• Bridge of Spies
  • Brooklyn
  • Mad Max: Fury Road
  • The Martian
  • The Revenant
  • Room
  • Spotlight

Look, all of these movies are good. The Revenant and Bridge of Spies are technically excellent, even if I found them underwhelming. I liked The Big Short, Brooklyn, The Martian, and Spotlight a lot, but I don’t think they were the best movie of the year. So that leaves Room and Mad Max: Fury Road (unfortunately, Sicario and Carol weren’t nominated, as they were at the Critics Choice Awards in the same category). You can’t go wrong with either, but in the end, I’ve got to go with my heart (and a can of silver spray paint)…Mad Max: Fury Road!

Best Director

  • Room – Lenny Abrahamson
  • The Revenant – Alejandro G. Iñárritu
  • Spotlight – Tom McCarthy
  • The Big Short – Adam McKay
  • Mad Max: Fury Road – George Miller

All of these directors did great in different ways, but I think Lenny Abrahamson did more with less than anyone else nominated. Room could have gone wrong in so many ways, but he brings out simply tremendous performances in Brie Larson and Jacob Tremblay. Gotta give it to him.

Best Actor

  • Trumbo – Bryan Cranston
  • The Martian – Matt Damon
  • The Revenant – Leonardo DiCaprio
  • Steve Jobs – Michael Fassbender
  • The Danish Girl – Eddie Redmayne

I know Leo’s going to win. And The Revenant was almost certainly the hardest film to actually make for an actor, but that shouldn’t be enough to get you this award. So even though he won last year, I just felt so much more from Eddie Redmayne’s performance.

Best Actress

  • Carol – Cate Blanchett
  • Room – Brie Larson
  • Joy – Jennifer Lawrence
  • 45 Years – Charlotte Rampling
  • Brooklyn – Saoirse Ronan

Saoirse Ronan blew me away in Brooklyn. Watch the ending and then go back to the beginning and it doesn’t even feel like the same person. But after watching Carol, and seeing Cate Blanchett do more with a cold stare than almost any actor alive, there was just no question in my mind.

Best Supporting Actor

  • The Big Short – Christian Bale
  • The Revenant – Tom Hardy
  • Spotlight – Mark Ruffalo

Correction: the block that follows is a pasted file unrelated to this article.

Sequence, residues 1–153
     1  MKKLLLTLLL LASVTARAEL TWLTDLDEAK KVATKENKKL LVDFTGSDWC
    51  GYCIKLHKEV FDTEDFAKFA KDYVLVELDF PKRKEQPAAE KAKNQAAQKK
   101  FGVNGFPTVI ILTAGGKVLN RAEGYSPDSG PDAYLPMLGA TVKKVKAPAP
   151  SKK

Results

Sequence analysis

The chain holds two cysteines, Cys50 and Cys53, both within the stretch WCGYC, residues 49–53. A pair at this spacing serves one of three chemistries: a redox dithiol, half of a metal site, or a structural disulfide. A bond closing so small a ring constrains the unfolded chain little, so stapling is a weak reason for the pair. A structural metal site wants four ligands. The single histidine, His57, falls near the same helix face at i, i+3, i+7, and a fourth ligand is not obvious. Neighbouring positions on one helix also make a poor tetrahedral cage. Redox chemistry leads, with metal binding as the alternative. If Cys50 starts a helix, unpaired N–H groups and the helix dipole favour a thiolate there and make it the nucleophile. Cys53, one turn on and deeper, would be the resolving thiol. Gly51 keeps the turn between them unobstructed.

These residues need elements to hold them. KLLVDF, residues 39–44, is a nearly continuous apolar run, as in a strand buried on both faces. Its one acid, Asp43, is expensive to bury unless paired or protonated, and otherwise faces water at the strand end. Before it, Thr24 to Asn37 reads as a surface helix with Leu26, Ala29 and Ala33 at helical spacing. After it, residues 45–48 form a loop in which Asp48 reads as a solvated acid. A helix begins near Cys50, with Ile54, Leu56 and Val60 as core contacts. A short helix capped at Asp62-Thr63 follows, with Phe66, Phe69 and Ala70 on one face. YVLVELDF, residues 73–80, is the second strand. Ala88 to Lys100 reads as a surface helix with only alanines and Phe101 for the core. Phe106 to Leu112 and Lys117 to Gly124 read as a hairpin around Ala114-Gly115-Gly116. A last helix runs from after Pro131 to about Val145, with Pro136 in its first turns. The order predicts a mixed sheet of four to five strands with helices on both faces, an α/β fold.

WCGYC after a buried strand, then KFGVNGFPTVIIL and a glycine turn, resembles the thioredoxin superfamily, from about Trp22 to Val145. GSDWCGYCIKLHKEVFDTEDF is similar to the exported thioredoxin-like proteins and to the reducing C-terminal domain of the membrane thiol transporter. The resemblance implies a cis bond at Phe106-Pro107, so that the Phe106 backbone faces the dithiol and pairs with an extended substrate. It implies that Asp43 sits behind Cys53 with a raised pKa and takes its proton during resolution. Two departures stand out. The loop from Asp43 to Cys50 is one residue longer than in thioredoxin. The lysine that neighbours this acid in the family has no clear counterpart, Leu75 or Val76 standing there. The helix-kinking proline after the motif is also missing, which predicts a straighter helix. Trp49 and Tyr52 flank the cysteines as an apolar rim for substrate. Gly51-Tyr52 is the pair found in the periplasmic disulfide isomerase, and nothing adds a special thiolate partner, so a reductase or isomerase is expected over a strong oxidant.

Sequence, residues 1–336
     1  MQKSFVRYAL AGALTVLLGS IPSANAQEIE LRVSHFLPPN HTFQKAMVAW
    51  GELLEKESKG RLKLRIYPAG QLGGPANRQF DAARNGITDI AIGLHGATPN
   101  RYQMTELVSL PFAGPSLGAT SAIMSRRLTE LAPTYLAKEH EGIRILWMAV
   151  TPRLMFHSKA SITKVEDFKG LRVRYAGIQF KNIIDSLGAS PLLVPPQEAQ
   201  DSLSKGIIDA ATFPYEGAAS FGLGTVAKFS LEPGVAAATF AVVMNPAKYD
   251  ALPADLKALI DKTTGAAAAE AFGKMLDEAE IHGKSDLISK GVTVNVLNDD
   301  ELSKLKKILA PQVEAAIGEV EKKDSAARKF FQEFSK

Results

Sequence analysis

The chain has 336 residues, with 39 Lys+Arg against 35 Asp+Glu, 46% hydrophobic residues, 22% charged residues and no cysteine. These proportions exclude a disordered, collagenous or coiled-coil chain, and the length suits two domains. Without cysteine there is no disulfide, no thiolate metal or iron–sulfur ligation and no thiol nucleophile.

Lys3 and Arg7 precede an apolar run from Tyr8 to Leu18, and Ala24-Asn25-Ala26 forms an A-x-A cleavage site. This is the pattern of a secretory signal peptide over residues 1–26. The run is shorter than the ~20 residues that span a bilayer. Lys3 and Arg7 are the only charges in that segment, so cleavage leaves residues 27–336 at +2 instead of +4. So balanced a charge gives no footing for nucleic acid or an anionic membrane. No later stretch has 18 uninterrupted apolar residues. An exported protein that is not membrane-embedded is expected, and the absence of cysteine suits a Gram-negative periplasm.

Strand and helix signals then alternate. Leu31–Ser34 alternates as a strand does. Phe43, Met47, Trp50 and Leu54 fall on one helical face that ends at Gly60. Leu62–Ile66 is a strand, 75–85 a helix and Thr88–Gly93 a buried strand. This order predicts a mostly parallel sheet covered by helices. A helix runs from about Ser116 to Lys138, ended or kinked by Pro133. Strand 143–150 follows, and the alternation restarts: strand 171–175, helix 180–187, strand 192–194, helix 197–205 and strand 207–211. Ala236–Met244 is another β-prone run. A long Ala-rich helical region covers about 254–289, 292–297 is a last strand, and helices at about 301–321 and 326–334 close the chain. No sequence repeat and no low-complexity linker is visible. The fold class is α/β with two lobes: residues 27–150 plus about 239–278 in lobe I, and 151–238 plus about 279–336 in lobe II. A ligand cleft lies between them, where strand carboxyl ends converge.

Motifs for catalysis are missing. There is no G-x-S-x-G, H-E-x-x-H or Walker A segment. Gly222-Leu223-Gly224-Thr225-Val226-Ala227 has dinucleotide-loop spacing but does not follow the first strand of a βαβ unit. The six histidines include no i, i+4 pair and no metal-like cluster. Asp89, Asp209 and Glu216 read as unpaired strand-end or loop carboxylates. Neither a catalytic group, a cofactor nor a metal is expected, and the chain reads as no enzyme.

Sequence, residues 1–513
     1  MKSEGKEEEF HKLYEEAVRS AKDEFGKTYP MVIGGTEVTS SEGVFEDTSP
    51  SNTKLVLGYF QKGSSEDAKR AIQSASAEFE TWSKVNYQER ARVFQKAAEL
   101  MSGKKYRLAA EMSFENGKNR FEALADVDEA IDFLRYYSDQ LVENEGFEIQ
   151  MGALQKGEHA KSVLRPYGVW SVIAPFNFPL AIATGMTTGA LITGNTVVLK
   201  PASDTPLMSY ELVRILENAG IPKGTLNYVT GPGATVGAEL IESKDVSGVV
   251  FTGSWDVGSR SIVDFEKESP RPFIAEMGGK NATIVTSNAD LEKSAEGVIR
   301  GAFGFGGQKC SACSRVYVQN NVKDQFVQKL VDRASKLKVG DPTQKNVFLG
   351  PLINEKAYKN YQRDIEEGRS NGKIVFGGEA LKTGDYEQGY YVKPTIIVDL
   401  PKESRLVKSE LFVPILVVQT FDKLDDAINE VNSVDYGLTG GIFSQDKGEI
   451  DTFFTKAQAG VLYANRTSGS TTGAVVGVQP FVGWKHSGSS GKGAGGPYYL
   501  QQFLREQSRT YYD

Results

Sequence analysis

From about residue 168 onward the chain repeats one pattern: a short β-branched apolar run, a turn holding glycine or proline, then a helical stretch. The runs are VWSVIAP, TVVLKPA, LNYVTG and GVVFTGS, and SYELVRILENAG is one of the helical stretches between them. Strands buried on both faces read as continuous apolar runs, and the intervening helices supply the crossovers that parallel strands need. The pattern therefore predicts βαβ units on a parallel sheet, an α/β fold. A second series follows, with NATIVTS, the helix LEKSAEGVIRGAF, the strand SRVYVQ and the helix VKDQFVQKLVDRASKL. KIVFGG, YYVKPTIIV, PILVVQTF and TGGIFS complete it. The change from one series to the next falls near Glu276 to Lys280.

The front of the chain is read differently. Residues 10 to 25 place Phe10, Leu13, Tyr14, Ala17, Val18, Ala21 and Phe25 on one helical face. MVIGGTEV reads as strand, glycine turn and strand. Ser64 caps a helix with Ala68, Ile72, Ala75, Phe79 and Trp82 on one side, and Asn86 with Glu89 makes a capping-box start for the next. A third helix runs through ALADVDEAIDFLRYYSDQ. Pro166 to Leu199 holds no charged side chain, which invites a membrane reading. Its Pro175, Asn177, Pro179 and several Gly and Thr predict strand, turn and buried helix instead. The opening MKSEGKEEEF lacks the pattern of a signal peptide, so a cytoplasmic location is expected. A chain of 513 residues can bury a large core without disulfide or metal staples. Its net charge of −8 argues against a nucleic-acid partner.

• Bridge of Spies – Mark Rylance
  • Creed – Sylvester Stallone

I’d probably rank Tom Hardy higher if I could understand half of the things he said in The Revenant (I’m not the only one who’s going to have to watch the movie again on DVD with subtitles, right?). And Mark Rylance was just sublime. But Mark Ruffalo embodied his character, even if it wasn’t the flashiest role. His rage was mine and I say this award should go to him.

Best Supporting Actress

  • The Hateful Eight – Jennifer Jason Leigh
  • Carol – Rooney Mara
  • Spotlight – Rachel McAdams
  • The Danish Girl – Alicia Vikander
  • Steve Jobs – Kate Winslet

Kate Winslet is always good, but I think she won the Golden Globe in this category more on name recognition from past performances. And Rooney Mara was just spectacular in Carol and has a strong claim to this award. But, for me, ultimately Alicia Vikander takes this. (Everyone, go watch The Danish Girl!)

Best Original Screenplay

  • Bridge of Spies
  • Ex Machina
  • Inside Out
  • Spotlight
  • Straight Outta Compton

At the Emmys, many consider the writing awards the “real” best show awards. I’m not going to say the same for the Oscars, but this category does award more originality and creativity than the main categories and these movies had that in spades. Ultimately, all I have to say is this: yes, Ex Machina is THAT good.

Best Adapted Screenplay

  • The Big Short
  • Brooklyn
  • Carol
  • The Martian
  • Room

It was a shock that both Sorkin and Tarantino weren’t nominated for best screenplay. That’s gotta be a first for both, right? That said, this is a wonderful category and possibly the hardest for me to pick from. So I’ve got to go with the one that had the most challenging source material and adapted it wonderfully for mass audiences: The Big Short.

By the way, if you’re curious, there are 57 different movies nominated for Oscars this year. Here’s how they break down:

  • 8 best picture nominees
  • 8 other movies nominated for acting
  • 3 other movies nominated for screenplay
  • 5 other movies nominated for original song
  • 4 other movies nominated for technical awards (Sicario for sound/cinematography, Cinderella for costume design, The 100-Year Old Man Who Climbed Out The Window and Disappeared for makeup & hair styling, and Star Wars: The Force Awakens for cinematography/sound/editing)
  • 29 documentaries/shorts/animated/foreign language (not including Inside Out, which was also nominated for screenplay)

I thought I watched a lot of them this year (almost everything nominated for overall/acting/screenplay) but I admire anyone, like Todd VanDerWerff, who watched and ranked all 57!